The 86 cancer patients were a disparate group, with tumours of the pancreas, prostate, uterus or bone. One woman had a cancer so rare there were no tested treatments. She was told to get her affairs in order.
Still, these patients had a few things in common. All had advanced disease that had resisted every standard treatment.
All carried genetic mutations that disrupted the ability of cells to fix damaged DNA. And all were enrolled in a trial of a drug that helps the immune system attack tumours.
The results, published on Thursday in the journal Science, are so striking that the Food and Drug Administration already has approved the drug, pembrolizumab, brand name Keytruda, for patients whose cancers arise from the same genetic abnormality.
It is the first time a drug has been approved for use against tumours that share a certain genetic profile, whatever their location in the body. Tens of thousands of cancer patients each year could benefit.
“This is absolutely brilliant,” said Dr José Baselga, physician in chief at Memorial Sloan Kettering Cancer Center in New York, which has just hired the study’s lead investigator, Dr Luis A. Diaz Jr.
After taking pembrolizumab, 66 patients had their tumours shrink substantially and stabilize, instead of continuing to grow. Among them were 18 patients whose tumours vanished and have not returned.
There was no control group, which meant the results had to be absolutely compelling to be convincing. The study started in 2013 and is funded by philanthropies; the drug maker’s only role was to supply the drug. The study is continuing.
The drug, made by Merck, is already on the market for select patients with a few types of advanced lung, melanoma and bladder tumours. It is expensive, costing $156,000 a year.
A test for the mutations targeted by the drug is already available, too, for $300 to $600.
Just 4 percent of cancer patients have the type of genetic aberration susceptible to pembrolizumab. But that adds up to a lot of patients: as many as 60,000 each year in the United States alone, the study’s investigators estimated.
Yet researchers have been saying for years that what matters was the genetic mutation causing the tumours. At first, they were certain they would be able to cure cancers with drugs that zeroed in on the mutations, wherever the tumours were lodged.
But cancers were more complicated than that, said Dr Drew M. Pardoll, director of the Johns Hopkins Bloomberg-Kimmel Institute and an author of the new paper.
A mutation that appeared in half of all melanomas, for example, turned out to be rare in other cancers. And even when scientists pinpointed that mutation in 10 percent of colon cancers, the drug that worked for melanoma patients did not work for other cancer patients.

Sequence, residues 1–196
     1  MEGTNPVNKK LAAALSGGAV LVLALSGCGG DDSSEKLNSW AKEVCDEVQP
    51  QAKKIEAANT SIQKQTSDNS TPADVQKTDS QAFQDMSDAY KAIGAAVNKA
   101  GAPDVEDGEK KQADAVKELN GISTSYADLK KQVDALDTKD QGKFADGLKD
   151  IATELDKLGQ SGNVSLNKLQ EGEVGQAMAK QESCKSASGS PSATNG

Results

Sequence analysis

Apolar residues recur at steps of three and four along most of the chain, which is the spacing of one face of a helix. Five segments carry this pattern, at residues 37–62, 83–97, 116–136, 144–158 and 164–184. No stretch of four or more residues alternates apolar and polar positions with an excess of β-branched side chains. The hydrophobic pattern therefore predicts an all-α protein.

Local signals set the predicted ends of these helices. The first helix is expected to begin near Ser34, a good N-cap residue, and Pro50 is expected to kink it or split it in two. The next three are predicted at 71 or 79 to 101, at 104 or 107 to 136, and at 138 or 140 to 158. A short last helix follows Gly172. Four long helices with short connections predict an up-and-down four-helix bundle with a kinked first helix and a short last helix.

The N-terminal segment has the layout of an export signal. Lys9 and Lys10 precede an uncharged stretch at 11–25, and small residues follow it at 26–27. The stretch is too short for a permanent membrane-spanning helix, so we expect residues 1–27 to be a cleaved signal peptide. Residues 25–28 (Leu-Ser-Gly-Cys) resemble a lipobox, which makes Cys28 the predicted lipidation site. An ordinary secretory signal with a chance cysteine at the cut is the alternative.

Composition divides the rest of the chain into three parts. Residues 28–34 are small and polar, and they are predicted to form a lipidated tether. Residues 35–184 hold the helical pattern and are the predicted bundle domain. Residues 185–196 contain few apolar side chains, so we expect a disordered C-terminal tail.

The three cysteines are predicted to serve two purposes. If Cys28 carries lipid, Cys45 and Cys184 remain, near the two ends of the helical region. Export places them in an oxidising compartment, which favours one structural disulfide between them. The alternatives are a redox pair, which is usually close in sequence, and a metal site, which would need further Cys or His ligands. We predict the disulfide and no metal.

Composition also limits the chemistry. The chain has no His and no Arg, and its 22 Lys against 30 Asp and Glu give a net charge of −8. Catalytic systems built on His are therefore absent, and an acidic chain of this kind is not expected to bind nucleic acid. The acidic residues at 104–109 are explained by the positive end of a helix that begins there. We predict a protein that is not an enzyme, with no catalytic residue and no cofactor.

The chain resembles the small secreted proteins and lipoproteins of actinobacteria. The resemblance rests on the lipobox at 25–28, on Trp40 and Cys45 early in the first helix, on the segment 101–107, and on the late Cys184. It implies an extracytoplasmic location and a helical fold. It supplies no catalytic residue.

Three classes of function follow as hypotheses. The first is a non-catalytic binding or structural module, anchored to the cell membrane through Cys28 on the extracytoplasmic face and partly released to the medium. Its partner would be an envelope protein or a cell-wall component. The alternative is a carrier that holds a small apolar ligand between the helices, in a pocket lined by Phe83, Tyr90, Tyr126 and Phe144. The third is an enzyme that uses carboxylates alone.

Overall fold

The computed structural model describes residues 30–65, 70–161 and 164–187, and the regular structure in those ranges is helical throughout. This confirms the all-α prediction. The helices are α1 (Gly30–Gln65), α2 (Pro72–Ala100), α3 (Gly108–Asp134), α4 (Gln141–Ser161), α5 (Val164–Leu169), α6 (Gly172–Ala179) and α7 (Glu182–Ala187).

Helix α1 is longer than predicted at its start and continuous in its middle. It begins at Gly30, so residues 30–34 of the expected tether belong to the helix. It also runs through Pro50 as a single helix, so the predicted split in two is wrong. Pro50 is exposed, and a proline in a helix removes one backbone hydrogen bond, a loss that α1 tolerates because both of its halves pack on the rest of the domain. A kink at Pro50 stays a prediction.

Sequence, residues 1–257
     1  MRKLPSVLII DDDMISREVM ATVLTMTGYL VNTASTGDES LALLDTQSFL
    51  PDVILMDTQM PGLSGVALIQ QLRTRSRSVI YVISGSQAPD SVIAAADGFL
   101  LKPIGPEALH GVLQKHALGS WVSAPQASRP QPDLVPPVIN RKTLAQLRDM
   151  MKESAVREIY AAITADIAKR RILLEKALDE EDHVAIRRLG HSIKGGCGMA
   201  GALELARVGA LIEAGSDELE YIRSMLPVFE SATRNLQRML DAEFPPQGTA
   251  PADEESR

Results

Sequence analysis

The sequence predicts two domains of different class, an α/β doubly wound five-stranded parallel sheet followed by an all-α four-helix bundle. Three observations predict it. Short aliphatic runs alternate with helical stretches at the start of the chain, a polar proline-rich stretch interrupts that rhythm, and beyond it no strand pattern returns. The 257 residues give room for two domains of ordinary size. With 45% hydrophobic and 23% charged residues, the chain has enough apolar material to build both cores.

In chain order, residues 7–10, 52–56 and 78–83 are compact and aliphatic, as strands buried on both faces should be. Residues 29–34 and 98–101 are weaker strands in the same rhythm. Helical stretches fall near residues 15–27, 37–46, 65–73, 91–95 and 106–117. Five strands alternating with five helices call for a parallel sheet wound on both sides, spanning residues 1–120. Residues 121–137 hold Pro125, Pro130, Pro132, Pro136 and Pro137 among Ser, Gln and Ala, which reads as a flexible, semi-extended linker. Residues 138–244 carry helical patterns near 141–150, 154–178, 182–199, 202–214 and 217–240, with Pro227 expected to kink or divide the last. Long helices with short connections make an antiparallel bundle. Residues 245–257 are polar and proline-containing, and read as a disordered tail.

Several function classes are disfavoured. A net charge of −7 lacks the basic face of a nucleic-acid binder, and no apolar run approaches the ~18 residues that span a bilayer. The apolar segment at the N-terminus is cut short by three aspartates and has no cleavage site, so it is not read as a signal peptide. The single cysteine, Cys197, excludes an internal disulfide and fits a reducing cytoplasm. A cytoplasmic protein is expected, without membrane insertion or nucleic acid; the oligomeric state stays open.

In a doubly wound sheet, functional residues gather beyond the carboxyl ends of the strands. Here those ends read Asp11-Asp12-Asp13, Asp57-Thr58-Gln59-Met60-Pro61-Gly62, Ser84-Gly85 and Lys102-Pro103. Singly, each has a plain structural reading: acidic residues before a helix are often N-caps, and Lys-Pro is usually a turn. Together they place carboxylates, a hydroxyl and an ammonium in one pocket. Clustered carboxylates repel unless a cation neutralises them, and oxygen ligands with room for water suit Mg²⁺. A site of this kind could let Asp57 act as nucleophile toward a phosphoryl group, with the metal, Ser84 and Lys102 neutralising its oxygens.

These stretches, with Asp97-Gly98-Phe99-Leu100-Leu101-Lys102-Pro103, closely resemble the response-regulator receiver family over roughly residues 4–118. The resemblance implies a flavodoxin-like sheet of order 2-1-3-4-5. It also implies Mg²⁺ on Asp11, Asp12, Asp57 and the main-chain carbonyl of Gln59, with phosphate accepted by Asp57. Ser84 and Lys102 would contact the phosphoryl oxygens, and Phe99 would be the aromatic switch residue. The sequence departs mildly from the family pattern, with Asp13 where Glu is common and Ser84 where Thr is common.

“It was a great dream,” Dr Pardoll sighed.
The new study was based on a different idea. The immune system can recognize cancer cells as foreign and destroy them. But tumours deflect the attack by shielding proteins on their surface, making them invisible to the immune system.
What was special about that one patient? Dr Diaz, a geneticist at Johns Hopkins until now, and lead author of the new study, found the answer: a genetic mutation that prevented the tumour from repairing DNA damage.
As a result, the man’s cancer cells contained a plethora of mutated genes, which produced thousands of strange-looking proteins on the surfaces of the cells. Once the tumour’s cloaking mechanism was short-circuited by the drug, the man’s immune system had no trouble targeting the foreign proteins on the cancer cells.
That led to the idea for the Dr Diaz’s new study. He and his colleagues sought patients whose tumours had the same genetic defect, which can arise in any of four genes in a pathway that repairs damaged DNA. They gave these patients a PD-1 blocker and were surprised by the results.
The drug’s effects have been so durable that the investigators do not know how long the results should be expected to persist or how long these patients might expect to survive. That kind of result, Dr Baselga said, “is insane.”
One patient in the study, Adrienne Skinner, 60, of Larchmont, N.Y., had an extraordinarily rare and deadly cancer, ampullary cancer, that arises at the end of the bile duct. There is no standard treatment, and the prognosis is dire.
Her doctors scheduled her for a drastic surgery that removes part of the pancreas, part of the small intestine, and the gall bladder. But her surgeon cancelled the operation when he discovered her cancer had invaded her liver.
She tried chemotherapy instead — six months of one kind, then six months of another. Neither worked.
Then she qualified for Dr Diaz’s clinical trial at Johns Hopkins. On April 15, 2014, Ms Skinner had her first dose of the drug.
The trial involved giving patients the drug for two years, so Ms Skinner continued to take the drug as a sort of insurance. Last year, she stopped, and her cancer has not returned.
“In effect, I was cured within months,” she said. “I have a great life.”
But even this promising trial has left a thread dangling: Why didn’t all of the patients respond?
There is now a fervid search for the answer. “Multiple labs are looking like crazy,” Dr Balsega said.
Source: The New York Times